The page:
HDT's Top 50 Green Fleets
November 2013, TruckingInfo.com - Cover Story
Department of Sanitation
DeKalb County, Ga.
The county was honored last year for a $15 million project that included the construction of the DeKalb County Renewable Energy Facility, which converts landfill gas to produce 2.3 million diesel gallon equivalents of CNG annually. The county’s goal is to replace or adapt its entire fleet of 306 vehicles to natural gas fuel, so the vehicles are powered by the trash they haul. Dillon Transport
Burr Ridge, Ill.
With 425 heavy-duty trucks and 20 light-duty trucks and vans, Dillon is unusual in that it runs both LNG and CNG, depending on the situation at each specific terminal. It started buying natural gas trucks four or five years ago. It’s currently running 50 CNG and 30 LNG heavy-duty trucks, but has another 120 on order.
Dillon Transport uses natural gas as a way to attract new customers.
The total fleet is about 500 trucks, so 25% of the fleet will be natural gas by the second quarter of 2014. The fleet is an advocate for natural gas, with executives frequently speaking about it at national events, and even took a natural gas truck to Capitol Hill to advocate tax incentives.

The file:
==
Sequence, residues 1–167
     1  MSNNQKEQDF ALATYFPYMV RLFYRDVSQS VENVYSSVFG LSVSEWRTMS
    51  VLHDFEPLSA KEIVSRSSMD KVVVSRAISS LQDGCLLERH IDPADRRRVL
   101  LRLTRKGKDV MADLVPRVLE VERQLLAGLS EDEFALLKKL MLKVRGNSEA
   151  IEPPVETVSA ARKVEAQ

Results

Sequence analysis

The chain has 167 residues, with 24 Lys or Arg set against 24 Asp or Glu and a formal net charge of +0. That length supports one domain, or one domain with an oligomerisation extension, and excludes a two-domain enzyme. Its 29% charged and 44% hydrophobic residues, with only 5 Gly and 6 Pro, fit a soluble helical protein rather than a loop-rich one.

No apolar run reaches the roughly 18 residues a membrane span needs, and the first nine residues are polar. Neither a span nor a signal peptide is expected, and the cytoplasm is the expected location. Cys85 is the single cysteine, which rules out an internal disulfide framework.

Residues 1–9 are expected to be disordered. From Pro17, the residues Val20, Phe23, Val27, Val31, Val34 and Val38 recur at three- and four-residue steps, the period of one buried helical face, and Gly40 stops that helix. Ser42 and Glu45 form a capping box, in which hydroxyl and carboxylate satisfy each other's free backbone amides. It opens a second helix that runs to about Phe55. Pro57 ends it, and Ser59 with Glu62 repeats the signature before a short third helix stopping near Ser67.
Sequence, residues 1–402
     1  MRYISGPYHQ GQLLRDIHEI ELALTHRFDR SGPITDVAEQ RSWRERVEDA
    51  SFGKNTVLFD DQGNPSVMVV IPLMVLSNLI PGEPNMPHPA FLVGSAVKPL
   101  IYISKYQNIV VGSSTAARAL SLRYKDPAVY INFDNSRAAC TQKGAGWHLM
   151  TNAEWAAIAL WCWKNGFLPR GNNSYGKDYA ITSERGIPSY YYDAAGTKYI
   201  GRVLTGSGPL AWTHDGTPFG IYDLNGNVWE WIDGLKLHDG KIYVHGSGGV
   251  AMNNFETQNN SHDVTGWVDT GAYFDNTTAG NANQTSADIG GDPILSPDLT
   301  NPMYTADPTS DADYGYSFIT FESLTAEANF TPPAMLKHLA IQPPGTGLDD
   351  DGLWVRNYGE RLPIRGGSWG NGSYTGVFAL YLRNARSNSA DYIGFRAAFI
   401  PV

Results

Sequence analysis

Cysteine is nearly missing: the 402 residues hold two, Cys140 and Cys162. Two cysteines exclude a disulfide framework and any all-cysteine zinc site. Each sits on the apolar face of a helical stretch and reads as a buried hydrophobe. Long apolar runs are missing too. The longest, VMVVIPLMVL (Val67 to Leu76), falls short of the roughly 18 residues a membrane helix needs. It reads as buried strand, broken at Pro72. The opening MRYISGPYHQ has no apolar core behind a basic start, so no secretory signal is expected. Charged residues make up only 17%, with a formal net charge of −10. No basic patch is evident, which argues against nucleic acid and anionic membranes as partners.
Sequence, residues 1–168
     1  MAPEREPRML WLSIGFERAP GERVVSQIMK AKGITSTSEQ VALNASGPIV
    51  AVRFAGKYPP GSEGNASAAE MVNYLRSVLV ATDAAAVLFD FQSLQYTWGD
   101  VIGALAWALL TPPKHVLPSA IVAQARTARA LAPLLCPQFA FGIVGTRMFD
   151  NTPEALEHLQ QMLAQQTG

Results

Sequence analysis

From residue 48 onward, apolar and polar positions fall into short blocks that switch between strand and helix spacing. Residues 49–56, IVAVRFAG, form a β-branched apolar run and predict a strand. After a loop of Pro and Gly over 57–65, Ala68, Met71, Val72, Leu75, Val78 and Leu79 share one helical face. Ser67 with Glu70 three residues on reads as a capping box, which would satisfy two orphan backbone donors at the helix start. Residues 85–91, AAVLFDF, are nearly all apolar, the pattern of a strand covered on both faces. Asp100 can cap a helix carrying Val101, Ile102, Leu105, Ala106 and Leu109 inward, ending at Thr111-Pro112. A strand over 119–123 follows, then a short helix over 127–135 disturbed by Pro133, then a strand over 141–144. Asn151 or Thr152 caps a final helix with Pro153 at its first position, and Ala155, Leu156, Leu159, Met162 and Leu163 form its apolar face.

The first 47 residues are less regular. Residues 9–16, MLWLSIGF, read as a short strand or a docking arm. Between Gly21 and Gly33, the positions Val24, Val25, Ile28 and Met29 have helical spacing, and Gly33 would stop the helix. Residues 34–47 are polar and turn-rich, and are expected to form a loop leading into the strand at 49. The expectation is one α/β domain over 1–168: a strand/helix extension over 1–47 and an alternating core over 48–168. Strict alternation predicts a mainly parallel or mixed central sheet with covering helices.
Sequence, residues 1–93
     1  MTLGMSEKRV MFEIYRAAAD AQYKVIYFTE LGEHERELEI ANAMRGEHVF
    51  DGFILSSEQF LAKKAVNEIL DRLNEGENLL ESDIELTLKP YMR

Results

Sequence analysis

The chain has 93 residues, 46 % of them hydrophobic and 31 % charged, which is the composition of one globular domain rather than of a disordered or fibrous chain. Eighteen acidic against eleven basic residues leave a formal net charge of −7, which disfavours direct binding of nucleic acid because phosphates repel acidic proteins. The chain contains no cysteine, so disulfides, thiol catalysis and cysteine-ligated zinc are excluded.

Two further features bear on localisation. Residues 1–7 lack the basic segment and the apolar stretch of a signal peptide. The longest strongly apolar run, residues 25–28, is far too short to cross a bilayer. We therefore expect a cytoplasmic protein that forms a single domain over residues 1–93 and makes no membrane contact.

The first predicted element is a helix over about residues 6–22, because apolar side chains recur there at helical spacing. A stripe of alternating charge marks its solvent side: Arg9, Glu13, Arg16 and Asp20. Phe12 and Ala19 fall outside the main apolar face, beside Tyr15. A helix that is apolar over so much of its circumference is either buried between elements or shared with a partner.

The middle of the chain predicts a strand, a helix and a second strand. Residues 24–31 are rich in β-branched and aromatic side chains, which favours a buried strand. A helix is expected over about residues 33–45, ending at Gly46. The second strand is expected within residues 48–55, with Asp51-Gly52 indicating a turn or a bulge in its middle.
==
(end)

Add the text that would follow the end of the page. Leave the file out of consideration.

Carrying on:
Duncan and Son Lines
Duncan and Son Lines earned a 2012 SmartWay Excellence Award, recognized as #1 in the Large Dray Carrier Category. In the last year it has invested heavily in equipment designed for better fuel efficiency and cleaner emissions. The fleet bought 30 new 2013 Freightliners equipped with Cummins engines with the latest SCR emissions technology. It is also looking at doing LNG conversions on some older trucks. A recent purchase of 25 new 53-foot dry van trailers was equipped with low-rolling-resistant tires and skirting to reduce wind resistance.
In 2008, FedEx set a goal to make its global fleet 20% more fuel-efficient than its 2005 performance by 2020. This year it reached that goal and upped it to 30%. By the end of 2013, FedEx Express will have 360 hybrid-electric vehicles and 200 electric vehicles in its fleet.
In addition to electric and hybrid-electric equipment, FedEx is saving fuel and GHG emissions by replacing older trucks with smaller, more fuel-efficient vans like this Sprinter.
It’s also “right-sizing” engines and vehicles; for instance, it’s replaced older trucks with more than 10,000 smaller vans such as the Mercedes/Freightliner Sprinter, each about 70% to 100% more fuel-efficient than the trucks they replace. Composite-body Reach vehicles offer a 35% reduction in fuel consumption over conventional walk-in vans. Some 35% of the FedEx Express diesel vehicle pickup and delivery fleet has been converted to more efficient and cleaner-burning EPA-2010 models.